Icons of Toynbee Hall: John Profumo


John Profumo CBE (1915-2006) was a politician and social worker who resigned from the Macmillan government following a scandal in 1963 and devoted the last forty years of his life to voluntary work supporting numerous projects at Toynbee Hall. To learn more about his relationship at Toynbee Hall download this booklet.

By Callum Scowen


Jack Profumo quietly began work at Toynbee Hall in 1964, helping to raise its profile and increase charitable income. It became his second vocation, and in 1975 he was awarded a CBE in the Queen’s Birthday Honours. Ingenious, charismatic, and compassionate, he worked tirelessly for many causes at Toynbee Hall until the week prior to his death in March 2006, aged ninety-one.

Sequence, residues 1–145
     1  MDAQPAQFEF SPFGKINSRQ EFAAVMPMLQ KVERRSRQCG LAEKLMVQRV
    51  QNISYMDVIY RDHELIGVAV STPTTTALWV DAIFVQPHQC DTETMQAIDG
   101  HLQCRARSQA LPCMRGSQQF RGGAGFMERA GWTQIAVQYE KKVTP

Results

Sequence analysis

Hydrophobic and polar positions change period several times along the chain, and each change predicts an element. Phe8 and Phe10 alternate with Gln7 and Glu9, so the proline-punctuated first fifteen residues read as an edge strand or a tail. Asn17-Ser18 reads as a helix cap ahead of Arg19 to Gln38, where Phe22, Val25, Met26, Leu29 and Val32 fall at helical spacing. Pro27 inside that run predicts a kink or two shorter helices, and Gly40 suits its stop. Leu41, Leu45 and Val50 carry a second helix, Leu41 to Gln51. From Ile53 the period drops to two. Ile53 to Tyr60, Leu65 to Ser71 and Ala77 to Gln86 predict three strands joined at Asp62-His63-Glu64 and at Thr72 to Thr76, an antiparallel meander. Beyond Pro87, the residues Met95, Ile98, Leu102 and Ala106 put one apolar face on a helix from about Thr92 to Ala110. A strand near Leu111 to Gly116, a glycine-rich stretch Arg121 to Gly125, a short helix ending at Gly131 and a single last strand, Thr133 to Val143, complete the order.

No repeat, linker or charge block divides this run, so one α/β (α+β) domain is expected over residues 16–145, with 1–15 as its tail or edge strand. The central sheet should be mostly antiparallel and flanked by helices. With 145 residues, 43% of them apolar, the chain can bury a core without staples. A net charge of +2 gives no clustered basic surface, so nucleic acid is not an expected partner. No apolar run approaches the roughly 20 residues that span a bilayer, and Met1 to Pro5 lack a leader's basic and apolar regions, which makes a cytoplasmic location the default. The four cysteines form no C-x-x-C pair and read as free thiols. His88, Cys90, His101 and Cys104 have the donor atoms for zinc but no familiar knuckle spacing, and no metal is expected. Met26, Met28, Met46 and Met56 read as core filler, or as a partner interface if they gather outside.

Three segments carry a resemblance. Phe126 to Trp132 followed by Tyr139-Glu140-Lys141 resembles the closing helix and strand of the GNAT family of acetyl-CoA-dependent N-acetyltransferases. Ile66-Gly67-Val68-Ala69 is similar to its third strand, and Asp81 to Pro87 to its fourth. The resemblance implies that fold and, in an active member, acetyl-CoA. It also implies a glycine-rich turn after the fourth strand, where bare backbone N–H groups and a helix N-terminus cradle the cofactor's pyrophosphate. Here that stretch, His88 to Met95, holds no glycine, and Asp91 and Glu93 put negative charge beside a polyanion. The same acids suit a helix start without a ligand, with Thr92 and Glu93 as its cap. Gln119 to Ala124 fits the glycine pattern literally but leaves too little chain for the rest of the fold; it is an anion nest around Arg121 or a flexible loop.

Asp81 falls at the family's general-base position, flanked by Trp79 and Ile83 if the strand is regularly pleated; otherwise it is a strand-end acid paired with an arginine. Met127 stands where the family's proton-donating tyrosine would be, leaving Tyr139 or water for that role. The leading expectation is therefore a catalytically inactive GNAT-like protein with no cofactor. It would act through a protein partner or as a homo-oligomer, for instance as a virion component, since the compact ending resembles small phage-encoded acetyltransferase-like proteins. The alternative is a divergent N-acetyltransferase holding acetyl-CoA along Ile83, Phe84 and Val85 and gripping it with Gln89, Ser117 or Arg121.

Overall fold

Profumo’s early days at Toynbee Hall are the subject of hyperbole and myth. Contrary to tales of cleaning toilets and peeling potatoes, Profumo quickly took on responsibility at Toynbee Hall. In August 1964, mere weeks after arriving at the Settlement, it was noted that “Mr Profumo would be prepared to run’ a committee dealing with day to day problems linked to the staging of a high profile Royal Premiere to benefit the charity”. Toynbee Hall’s warden, Walter Birmingham, went further, in 1965 saying ‘without him (Jack), we should never have got anywhere’ and the journalist Oliver Pritchett went as far as to say ‘he is essentially deputy warden’. By this point, in December 1965, Profumo was already heavily involved in Toynbee Hall’s work, particularly focused on fundraising.